Debt Restructuring Chapter 11 Reorganization
Location Out-of-Court Federal Bankruptcy Court
Court Oversight None Extensive
Creditor Approval Requires Consent of All/Most Can Force Plan on Dissenters
Timing Typically Few Months 6 Months – 2+ Years
Cost Lower Fees and Costs Higher Fees and Administrative Expenses
Company Control Full Control Retained Major Decisions Require Court Approval

So in weighing corporate debt restructuring vs. bankruptcy, companies need to consider factors like needed creditor concessions, speed, and how much court intervention they are willing to accept.

When is Out-of-Court Restructuring Preferable?

For some companies, negotiating with lenders outside of Chapter 11 makes more sense. Reasons why out-of-court restructuring may be the best path include:

  • Most Debts are Concentrated – If a company owes money to a fairly small number of creditors, it may be easier to get everyone on board with a restructuring plan.
  • Urgent Action is Needed – Out-of-court deals can be made very quickly compared to court-supervised bankruptcy.
  • Want to Avoid Stigma of Bankruptcy – Some companies wish to restructure quietly without a public bankruptcy filing.
  • Expect Fast Return to Profitability – If profits could rebound quickly after restructuring, bankruptcy may be avoided.

Essentially if consensus can be reached with creditors informally, bankruptcy can potentially be averted entirely through debt renegotiation.

When is Chapter 11 Bankruptcy the Better Option?

However, for many distressed corporations Chapter 11 provides tools and benefits not accessible outside bankruptcy. Reasons to consider a formal reorganization include:

Broad Creditor Consent Not Expected

If it seems unlikely for all or sufficient creditors to agree on out-of-court concessions, bankruptcy may be necessary. The Chapter 11 process includes cram-down provisions to approve plans without unanimous consent.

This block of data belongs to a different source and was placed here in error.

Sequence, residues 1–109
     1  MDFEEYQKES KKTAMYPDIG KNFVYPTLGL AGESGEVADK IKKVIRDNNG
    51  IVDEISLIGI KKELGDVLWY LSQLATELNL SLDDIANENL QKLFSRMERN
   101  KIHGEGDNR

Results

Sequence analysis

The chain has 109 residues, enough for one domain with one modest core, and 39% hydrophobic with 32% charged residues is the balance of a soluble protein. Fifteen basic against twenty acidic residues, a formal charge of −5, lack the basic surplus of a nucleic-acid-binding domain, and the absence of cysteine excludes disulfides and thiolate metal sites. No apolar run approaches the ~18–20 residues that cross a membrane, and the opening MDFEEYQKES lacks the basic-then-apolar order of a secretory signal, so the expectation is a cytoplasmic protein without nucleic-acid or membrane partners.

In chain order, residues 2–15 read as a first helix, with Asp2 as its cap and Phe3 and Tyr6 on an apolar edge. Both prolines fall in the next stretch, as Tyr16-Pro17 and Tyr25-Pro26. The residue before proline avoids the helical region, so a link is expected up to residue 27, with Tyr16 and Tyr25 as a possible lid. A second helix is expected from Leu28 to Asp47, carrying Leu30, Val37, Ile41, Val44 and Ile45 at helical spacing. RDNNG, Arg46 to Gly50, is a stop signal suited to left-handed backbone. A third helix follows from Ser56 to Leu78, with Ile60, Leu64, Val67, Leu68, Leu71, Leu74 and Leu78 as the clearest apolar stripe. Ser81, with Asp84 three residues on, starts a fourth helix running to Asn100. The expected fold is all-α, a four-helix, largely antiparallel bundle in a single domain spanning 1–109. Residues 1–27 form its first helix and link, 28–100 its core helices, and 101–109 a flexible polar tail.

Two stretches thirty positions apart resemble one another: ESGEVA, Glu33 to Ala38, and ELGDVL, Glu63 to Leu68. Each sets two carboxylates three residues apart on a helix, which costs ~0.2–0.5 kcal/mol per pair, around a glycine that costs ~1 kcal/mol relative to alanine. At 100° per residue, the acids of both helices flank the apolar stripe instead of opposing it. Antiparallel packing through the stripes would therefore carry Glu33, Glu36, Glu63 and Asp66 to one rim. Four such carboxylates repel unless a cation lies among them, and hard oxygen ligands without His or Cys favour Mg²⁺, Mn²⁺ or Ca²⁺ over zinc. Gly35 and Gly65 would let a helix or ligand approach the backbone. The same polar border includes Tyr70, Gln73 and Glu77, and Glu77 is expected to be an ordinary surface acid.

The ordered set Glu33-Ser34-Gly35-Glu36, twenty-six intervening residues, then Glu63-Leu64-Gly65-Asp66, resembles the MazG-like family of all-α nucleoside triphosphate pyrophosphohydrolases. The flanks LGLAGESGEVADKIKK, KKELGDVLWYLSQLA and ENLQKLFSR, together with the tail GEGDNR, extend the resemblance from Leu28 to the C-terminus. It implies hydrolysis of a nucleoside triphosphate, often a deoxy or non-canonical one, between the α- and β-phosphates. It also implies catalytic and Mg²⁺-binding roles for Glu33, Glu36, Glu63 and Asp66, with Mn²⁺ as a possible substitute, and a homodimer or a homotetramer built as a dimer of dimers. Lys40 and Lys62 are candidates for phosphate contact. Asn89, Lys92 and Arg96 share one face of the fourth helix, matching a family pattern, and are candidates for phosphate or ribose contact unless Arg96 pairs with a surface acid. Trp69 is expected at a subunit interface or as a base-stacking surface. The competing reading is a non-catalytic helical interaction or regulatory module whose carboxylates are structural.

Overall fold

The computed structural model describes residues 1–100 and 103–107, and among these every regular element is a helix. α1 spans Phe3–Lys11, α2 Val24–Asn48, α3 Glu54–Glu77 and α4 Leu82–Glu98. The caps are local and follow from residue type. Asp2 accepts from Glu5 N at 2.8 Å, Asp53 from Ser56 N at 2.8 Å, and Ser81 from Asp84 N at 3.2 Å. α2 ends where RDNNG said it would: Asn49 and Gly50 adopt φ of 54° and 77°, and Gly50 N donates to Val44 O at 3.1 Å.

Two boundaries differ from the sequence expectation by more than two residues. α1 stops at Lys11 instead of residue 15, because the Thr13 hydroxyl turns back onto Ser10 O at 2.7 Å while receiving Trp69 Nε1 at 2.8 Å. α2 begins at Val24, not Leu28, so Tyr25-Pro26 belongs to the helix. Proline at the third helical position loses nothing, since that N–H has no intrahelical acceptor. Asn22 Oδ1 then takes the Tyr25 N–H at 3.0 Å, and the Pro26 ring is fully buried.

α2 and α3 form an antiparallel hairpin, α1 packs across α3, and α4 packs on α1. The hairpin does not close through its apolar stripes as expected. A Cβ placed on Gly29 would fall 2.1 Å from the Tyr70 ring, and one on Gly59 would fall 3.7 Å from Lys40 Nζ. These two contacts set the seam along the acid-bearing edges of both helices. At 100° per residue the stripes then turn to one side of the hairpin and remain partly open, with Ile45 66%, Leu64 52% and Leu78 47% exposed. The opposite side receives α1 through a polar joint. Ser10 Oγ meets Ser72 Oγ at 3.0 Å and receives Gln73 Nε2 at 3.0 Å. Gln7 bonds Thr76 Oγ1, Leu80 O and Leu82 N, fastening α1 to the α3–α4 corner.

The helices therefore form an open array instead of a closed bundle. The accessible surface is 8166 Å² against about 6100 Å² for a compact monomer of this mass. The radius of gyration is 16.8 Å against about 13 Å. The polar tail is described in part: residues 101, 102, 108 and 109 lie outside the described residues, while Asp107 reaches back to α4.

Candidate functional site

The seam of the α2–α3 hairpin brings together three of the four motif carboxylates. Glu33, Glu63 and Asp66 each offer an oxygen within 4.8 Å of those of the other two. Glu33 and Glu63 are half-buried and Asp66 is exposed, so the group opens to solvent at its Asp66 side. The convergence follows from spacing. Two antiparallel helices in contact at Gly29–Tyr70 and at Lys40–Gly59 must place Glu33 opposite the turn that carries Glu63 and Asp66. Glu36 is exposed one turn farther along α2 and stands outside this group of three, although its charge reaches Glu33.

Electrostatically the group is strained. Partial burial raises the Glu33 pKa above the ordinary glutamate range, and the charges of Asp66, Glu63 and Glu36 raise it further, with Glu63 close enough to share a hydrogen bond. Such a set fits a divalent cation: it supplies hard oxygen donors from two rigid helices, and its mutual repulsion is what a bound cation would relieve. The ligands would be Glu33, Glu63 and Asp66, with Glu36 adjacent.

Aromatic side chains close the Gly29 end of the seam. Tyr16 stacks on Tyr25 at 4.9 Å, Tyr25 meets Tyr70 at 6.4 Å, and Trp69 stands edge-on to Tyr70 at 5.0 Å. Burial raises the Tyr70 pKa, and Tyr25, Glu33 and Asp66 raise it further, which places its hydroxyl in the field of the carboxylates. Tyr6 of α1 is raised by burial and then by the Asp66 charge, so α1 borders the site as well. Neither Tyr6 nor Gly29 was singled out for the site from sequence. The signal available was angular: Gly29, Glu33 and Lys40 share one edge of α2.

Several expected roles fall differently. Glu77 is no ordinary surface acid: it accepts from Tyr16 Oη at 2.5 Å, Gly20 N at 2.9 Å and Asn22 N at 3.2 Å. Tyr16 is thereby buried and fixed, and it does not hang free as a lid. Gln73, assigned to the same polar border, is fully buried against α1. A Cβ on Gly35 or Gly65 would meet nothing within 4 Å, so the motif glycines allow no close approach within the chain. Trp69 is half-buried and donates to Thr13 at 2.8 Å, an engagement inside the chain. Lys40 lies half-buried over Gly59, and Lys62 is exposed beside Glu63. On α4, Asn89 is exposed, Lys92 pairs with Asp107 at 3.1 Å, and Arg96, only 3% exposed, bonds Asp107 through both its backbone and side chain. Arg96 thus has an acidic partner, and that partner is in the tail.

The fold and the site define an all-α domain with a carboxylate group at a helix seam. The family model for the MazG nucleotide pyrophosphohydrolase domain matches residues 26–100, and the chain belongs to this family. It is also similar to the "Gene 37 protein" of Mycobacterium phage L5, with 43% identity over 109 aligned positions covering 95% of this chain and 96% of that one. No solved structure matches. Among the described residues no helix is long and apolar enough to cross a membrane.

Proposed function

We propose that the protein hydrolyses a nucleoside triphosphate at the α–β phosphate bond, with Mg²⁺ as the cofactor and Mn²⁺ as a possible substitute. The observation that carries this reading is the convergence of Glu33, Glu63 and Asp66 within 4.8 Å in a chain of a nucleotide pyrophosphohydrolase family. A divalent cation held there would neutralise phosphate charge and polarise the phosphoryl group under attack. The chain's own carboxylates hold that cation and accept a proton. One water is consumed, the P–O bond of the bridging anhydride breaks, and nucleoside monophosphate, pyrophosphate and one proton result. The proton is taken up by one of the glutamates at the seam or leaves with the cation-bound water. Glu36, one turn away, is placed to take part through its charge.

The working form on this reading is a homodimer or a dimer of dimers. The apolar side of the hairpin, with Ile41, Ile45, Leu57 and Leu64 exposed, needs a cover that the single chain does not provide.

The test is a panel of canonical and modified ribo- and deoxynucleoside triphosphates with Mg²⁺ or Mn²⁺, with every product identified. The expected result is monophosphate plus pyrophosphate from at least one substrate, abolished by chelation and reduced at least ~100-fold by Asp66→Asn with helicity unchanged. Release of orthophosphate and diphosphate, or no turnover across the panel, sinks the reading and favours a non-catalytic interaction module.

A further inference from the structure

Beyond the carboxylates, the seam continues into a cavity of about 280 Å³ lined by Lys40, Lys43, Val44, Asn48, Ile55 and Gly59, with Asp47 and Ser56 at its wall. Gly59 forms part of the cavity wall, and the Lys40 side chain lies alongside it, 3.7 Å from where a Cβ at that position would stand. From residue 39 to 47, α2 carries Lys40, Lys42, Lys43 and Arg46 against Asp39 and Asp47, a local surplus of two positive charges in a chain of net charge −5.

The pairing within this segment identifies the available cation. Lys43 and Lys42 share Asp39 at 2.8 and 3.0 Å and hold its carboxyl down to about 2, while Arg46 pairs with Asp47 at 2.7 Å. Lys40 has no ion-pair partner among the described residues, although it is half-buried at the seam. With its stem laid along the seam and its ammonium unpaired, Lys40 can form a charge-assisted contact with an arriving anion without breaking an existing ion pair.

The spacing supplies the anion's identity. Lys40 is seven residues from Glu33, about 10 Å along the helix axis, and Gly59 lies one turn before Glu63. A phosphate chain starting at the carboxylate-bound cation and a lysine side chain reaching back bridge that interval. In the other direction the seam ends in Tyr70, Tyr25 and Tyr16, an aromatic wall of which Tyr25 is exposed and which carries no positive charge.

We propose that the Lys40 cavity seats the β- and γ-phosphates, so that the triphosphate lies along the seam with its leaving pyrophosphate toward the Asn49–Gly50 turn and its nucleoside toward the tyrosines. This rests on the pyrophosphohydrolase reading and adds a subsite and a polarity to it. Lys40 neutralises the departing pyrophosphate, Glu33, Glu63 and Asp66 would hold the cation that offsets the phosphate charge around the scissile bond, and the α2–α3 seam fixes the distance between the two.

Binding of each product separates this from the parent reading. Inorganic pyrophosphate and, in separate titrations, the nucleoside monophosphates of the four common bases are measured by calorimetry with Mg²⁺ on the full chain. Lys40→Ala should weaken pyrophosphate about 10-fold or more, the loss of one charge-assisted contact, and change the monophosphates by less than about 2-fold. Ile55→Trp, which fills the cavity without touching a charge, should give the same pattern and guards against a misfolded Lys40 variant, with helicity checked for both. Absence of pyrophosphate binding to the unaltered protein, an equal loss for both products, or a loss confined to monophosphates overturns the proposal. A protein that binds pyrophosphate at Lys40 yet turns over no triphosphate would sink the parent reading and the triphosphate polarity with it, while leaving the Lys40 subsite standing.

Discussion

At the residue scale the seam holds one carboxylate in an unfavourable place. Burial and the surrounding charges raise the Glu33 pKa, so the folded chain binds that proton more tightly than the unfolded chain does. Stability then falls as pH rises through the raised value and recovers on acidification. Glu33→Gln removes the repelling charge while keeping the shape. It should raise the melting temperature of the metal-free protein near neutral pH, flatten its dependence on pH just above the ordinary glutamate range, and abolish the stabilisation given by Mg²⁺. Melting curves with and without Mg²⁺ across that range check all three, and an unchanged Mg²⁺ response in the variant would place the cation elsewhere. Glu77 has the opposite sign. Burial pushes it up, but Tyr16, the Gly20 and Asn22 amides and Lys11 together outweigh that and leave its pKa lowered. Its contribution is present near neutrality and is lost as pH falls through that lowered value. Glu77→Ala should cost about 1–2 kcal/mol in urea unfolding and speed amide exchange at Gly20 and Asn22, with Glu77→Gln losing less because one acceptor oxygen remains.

Immediate Cash Flow Issues

With Chapter 11, struggling businesses can get approved for debtor-in-possession financing not available otherwise. This can help address urgent cash issues.

Multi-Year Turnaround Expected

If best projections show it will take 2-3 years or more before finances stabilize, Chapter 11 allows this time. Debt holders can be forced to accept extended repayments.

Contracts Need to be Cancelled

If the company needs to cancel leases, supply agreements, or other onerous contracts, Chapter 11 provides the best mechanism. The court can allow rejecting harmful contracts.

Creditors Have Strong Collection Power

If creditors seem likely to force a liquidation through aggressive collections, filing for court-overseen Chapter 11 can halt this.

So for companies needing broad concessions, time, and legal tools to implement changes, formal bankruptcy reorganization is often the better route.

Conclusion

Both corporate debt restructuring and Chapter 11 bankruptcy reorganization offer ways for distressed companies to reduce debt and become financially viable again. Out-of-court restructurings provide faster and lower-cost options but require near-unanimous creditor consent. Chapter 11 gives legal tools to implement broad changes without full consent but is slower and more expensive.

In choosing between the two options, companies need to weigh factors like the willingness of creditors to negotiate, the urgency of cash issues, the expected timeline to profitability, and the need to cancel contracts. With the right advisors helping analyze the pros and cons, companies can determine if informal debt renegotiation or formal bankruptcy reorganization better fits their situation.